Friday, September 22, 2017

ALA's Banned Book Week ignites oral and written conversations


ALA 2017 Banned Books Week poster
This Sunday, September 24th,  begins the American Library Association's week-long celebration of the "Right to Read."They are focusing this year's celebration on the First Amendment, "Congress shall make no law respecting an establishment of religion, or prohibiting the free exercise thereof; or abridging the freedom of speech, or of the press; or the right of the people peaceably to assemble, and to petition the Government for a redress of grievances," (https://www.constituteproject.org/constitution/United_States_of_America_1992.


This is a perfect time for students to explore their right to read what they want, when they want. They are shocked when they hear that some schools ban fairy tales written by the Grimm brothers such as Snow White and the Seven Dwarves (violence and sexual innuendo-Snow White lives with seven men), and Little Red Riding Hood (violence and alcohol infractions-underaged Little Red carries wine to her Grandmother). Then their attention is hooked when they find out that they have probably read at least one banned book since they started their formal education, and more than that through their independent reading.

In many elementary, middle, and high schools, teachers are often required to offer a second "safe" book when a controversial fiction or nonfiction book will be taught. Some do so just to keep possible challenges at bay. I remember being shocked when I found out that a parent of a student at a magnet school for only extremely high achieving high school students challenged the teaching of Ken Follett's, Pillars of the Earth. Her upset began at the start of the book when a number of medieval men and women were traveling between towns on foot and one of the women stopped along the side of the road to give birth. She felt this description was too graphic for her high school senior involved in the study of geriatric illnesses.  In support of the right for teachers and administrators to choose what books their charges will study, many high schools in the same district started "We Read Banned Book" clubs for staff and students at their schools.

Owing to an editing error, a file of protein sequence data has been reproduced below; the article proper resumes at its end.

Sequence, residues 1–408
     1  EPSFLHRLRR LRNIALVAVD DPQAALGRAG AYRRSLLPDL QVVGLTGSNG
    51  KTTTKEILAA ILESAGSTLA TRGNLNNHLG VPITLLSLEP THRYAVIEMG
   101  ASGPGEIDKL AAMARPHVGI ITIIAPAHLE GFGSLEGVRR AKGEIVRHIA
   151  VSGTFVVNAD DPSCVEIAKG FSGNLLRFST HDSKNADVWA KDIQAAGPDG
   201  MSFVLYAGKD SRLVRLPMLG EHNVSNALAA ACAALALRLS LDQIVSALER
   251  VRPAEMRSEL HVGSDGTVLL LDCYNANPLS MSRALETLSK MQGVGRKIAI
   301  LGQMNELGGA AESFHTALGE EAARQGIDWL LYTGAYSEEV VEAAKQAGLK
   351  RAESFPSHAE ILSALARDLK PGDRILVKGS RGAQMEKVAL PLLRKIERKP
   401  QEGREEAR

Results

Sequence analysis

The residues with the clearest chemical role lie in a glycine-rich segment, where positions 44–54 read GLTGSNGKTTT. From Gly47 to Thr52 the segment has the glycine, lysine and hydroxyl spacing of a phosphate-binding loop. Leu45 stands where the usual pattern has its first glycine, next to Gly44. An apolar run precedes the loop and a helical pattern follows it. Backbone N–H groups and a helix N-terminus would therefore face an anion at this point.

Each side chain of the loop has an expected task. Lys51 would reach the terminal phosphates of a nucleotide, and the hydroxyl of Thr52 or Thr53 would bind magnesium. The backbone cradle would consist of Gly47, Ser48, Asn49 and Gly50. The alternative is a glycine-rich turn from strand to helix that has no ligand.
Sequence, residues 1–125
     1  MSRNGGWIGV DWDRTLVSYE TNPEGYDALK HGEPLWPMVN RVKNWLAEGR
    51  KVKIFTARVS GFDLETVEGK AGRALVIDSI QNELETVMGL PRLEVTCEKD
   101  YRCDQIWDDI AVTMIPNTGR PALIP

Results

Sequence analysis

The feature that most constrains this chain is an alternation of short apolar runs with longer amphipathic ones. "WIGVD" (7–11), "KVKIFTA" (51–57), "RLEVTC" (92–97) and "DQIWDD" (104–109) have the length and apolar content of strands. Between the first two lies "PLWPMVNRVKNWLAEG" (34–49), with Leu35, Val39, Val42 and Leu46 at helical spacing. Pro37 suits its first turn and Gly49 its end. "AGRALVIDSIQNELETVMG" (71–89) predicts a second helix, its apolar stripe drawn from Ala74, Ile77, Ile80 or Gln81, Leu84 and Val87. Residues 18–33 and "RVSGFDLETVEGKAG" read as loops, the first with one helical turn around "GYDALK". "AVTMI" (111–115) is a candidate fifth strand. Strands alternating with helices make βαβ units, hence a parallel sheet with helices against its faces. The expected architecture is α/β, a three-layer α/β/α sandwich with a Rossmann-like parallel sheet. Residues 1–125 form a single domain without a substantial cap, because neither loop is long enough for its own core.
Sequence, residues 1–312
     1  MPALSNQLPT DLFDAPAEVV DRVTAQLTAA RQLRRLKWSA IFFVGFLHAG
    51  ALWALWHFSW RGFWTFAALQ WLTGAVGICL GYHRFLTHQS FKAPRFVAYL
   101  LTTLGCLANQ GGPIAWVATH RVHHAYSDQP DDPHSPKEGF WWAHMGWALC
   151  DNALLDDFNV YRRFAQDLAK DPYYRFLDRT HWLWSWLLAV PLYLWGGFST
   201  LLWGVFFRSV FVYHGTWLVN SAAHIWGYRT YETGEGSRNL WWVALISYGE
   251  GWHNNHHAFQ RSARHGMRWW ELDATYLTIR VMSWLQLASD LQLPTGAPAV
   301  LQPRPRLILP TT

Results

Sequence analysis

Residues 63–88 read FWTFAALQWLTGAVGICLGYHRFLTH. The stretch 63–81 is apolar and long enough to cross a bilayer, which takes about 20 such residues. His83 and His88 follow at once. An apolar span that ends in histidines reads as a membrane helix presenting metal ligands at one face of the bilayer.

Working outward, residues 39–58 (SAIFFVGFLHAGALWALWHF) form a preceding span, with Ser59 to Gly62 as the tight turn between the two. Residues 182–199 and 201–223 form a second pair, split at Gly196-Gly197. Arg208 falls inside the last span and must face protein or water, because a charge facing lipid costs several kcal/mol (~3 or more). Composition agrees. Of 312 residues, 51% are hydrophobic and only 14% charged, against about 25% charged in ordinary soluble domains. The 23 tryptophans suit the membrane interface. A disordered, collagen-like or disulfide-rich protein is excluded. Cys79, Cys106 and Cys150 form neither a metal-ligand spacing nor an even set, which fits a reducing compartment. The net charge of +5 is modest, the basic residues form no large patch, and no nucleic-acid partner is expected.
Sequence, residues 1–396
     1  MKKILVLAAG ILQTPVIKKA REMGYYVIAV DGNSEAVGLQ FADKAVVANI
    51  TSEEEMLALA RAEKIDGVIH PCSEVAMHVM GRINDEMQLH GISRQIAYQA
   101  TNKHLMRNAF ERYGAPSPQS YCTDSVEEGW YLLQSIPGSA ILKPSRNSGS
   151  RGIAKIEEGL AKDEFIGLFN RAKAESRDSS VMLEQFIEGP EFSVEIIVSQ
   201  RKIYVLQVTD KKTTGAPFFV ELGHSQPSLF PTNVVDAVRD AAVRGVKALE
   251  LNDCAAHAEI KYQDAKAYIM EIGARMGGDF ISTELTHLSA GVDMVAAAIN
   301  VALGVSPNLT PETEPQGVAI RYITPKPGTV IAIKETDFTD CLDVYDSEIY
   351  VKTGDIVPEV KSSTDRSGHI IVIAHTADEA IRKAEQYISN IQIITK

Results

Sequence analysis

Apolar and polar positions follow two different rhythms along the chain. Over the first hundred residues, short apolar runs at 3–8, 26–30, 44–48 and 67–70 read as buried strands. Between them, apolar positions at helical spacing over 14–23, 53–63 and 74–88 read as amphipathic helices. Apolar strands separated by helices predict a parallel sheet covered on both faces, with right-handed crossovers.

This list of the "Ten Most Commonly Banned Books" on the Butler University site (http://libguides.butler.edu/c.php?g=34189&p=217684) would decimate many middle and high school English program of studies if a person or group chose to challenge their inclusion in the district's students education. 

  1.  1984 (George Orwell)
  2. The Adventures of Huckleberry Finn (Mark Twain)
  3. The Catcher in the Rye (J.D. Salinger)
  4. The Color Purple (Alice Walker)
  5. The Great Gatsby (F.Scott Fitzgerald)
  6. I Know Why the Caged Bird Sings (Maya Angelou)
  7. Lord of the Flies (William Golding)
  8. Of Mice and Men (John Steinbeck)
  9. One Flew Over the Cuckoo's Nest (Ken Kesey)
  10. To Kill a Mockingbird (Harper Lee)
Although many books are challenged by a person or group, not all of these are restricted in some form, such as not permitted in the school library or kept to specific grade levels, nor do they end up being banned-not allowed in school libraries or programs of study.

Writing Activity - Banned Books Research Project cover
My product, "Writing Activity - Banned Books Research Project," gives students the chance to choose a banned book to read-with parental permission- and to research the reason(s) it has been banned.  Students will explore various facets of book censorship in schools to become more proficient in their reading, critical thinking and writing skills. Whether they choose to investigate the legal, historical, moral or societal aspects of this issue is up to each individual student and his/her personal interest in this topic. In order to illustrate the points for book censorship in the schools, students will read a frequently banned or challenged novel, either from the included list, or a choice of their own. Next, they will research when, where and why it was challenged or banned.  In the last part of the paper, each student will develop his/her opinion on whether the book should be banned or restricted, using points from the paper to support his/her conclusion. 

Here is a student project and five websites for teachers to use to plan their introductory discussion. Students will not only find the sites informative for their research, but will also uncover other links that will aid them in their investigation. Besides Teacher Notes, this packet offers a Permission Slip form students must get signed for the book they will read and research, specific project requirements for students, a list of 60 commonly banned books, and much more. Here is the link: https://www.teacherspayteachers.com/Product/Writing-Activity-Banned-Books-Research-Project-321767 $3.00

Banned Books links:


Students love to argue their viewpoint about the unfairness of restrictions- and they almost always find some aspect of a limitation unfair. This project 
Shows them how to research and support an argument by exploring the fundamental right to read, Helps them to determine the best places to find the reasoning behind Pro and Con challenged book arguments, and 
Lets them create and defend their opinions with logic and facts. 

After completing this project, they will  look at the books they read for class or for personal enjoyment with a clearer understanding of the controversy surrounding book banning.

Enjoy a Teach It Now Day Every Day.







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